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6 Books Every Parent Should Have In Their Little One's Library In Order To 'Bond With Them' Even More

Sep. 23 2021, Published 3:02 p.m. ET

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Most grown-ups have fond memories of being read to — and most parents can recall slogging through their little one's beloved tale over and over again. "Reading a favorite book to your children not only helps you bond with them, but also gives your children a sense of intimacy and well-being," notes the nonprofit organization Children's Bureau. "This feeling of intimacy helps your child feel close to you, and the feelings of love and attention encourage positive growth and development."

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And, as poet and author Emilie Buchwald says, "Children are made readers on the laps of their parents."

So, what works should you invest in?

Keep reading for six classic reads every parent should add to their tot's library.

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Where The Wild Things Are by Maurice Sendak

Maurice Sendak not only appeals to children's imaginations, but his illustrations have this magical quality which draws you in and makes you think. In Where The Wild Things Are, Sendak reminds toddlers of their parents' love and forgiveness. Though the protagonist Max gets banished to his room without dinner, he later finds supper waiting for him, warmed and ready.

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If You Give A Mouse A Cookie by Laura Numeroff

This read is a delight to kids and parents alike — it offers catharsis for caregivers who are constantly being needed, and it gives little ones a chance to explore the concept of altruism. The story also demonstrates cause and effect in a comedic manner that will have you and your kiddo giggling. If you want to make the story especially memorable, act it out with your offspring, munching on cookies as you go.

Goodnight Moon by Margaret Wise Brown

One of the best ways to help your bambino prepare for bed is to help them say good night to their favorite toys, which is something Margaret Wise Brown did when she was younger. Then, one night as an adult she had a dream in which she recalled the activity, which led to her penning of Goodnight Moon. As Smithsonian Magazine says, "The text she jotted down upon waking is at once both cozy and unsettling, mimicking and inducing the unmoored feeling that comes with drifting away to sleep."

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Belly Button Book by Sandra Boynton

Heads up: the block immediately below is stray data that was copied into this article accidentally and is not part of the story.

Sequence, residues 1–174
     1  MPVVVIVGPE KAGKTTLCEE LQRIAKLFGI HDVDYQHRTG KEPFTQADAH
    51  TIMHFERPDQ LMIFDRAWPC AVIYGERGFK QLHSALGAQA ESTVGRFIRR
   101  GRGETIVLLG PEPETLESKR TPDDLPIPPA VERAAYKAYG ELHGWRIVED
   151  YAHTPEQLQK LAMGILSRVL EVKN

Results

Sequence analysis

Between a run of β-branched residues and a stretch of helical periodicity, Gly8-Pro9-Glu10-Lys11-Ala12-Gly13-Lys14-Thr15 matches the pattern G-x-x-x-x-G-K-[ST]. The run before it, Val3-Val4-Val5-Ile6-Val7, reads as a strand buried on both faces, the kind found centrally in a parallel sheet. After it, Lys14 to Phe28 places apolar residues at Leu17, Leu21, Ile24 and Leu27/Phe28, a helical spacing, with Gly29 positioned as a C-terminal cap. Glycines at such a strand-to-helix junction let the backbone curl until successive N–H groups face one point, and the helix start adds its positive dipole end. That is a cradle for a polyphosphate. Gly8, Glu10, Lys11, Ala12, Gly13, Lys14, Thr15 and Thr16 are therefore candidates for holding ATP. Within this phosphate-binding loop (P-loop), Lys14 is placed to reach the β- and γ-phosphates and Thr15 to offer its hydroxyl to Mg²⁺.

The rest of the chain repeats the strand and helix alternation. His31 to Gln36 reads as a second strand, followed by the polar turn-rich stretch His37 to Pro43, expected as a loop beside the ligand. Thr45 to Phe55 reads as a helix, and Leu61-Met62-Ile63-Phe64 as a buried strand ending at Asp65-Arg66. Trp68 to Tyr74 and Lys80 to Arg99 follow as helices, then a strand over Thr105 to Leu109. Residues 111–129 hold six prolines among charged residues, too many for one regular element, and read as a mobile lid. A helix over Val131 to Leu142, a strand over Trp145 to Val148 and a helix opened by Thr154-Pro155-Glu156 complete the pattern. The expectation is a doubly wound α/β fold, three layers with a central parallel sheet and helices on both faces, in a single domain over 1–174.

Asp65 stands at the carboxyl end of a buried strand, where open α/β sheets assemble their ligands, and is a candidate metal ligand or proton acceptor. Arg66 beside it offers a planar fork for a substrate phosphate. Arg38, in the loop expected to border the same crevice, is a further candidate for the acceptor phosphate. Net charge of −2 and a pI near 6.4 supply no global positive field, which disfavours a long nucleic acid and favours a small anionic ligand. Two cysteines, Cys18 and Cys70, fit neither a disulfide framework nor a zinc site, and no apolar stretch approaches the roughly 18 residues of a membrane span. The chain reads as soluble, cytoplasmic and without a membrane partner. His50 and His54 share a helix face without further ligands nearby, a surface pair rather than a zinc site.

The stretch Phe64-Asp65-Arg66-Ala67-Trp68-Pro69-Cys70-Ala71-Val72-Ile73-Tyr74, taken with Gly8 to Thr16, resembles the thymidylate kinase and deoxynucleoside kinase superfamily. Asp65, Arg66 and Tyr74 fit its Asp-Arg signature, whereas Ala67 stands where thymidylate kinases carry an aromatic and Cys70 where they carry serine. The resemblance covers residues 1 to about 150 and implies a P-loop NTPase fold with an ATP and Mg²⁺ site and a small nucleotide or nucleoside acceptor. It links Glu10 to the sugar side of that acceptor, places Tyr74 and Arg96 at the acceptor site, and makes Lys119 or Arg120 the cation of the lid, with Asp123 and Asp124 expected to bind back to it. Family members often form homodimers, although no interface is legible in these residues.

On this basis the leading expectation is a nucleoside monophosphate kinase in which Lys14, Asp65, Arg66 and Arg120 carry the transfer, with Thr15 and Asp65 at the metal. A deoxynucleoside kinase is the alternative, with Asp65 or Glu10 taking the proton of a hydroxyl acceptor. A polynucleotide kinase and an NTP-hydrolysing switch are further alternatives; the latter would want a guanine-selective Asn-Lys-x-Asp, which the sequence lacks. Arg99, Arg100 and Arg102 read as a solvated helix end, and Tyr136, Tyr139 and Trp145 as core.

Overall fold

Want to tune your babe's ear to rhythm and rhyme? Then Sandra Boynton's book, which is full of humor, is for you. This particular yarn features "a beachful of bare-bellied hippos; including one tiny baby who can only say 'Bee Bo,'" notes Goodreads. A snippet of the lyrical text reads, "Soon after dark, upon the beach, we sing a hippo song, and if you're feeling in the mood, we hope you'll sing along: 'Belly Belly Button, you're oh so fine. Ooo, Belly Button, I'm so happy you're mine.'"

Dear Zoo by Rod Campbell

Every kiddo loves lift-the-flap books, and this one leads young ones on a relatable, albeit silly, quest to find the perfect pet. The story unfolds slowly, as one pet after another is found to be unsuitable, until, at last, the answer is unveiled. If you're not sure about the entertainment value of this anecdote, just take this parent's word for it. "Cute little book and my children love opening the flaps and shouting out the animal names," says Louise.

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The Very Hungry Caterpillar by Eric Carle

"THE all-time classic picture book, from generation to generation, sold somewhere in the world every 30 seconds!" says Amazon. Chances are, you read this when you were young, so sharing it with your little ones will bring you joy in more ways than one. And, as Eric Carle himself says, "I think it is a book of hope. Children need hope. You, little insignificant caterpillar, can grow up into a beautiful butterfly and fly into the world with your talent. Will I ever be able to do that? Yes, you will. I think that is the appeal of that book."

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There is nothing more rewarding than having your children bring you a tome and begging to snuggle — and displaying pretty picture books on a shelf at their eye-level is a sure way to entice them.

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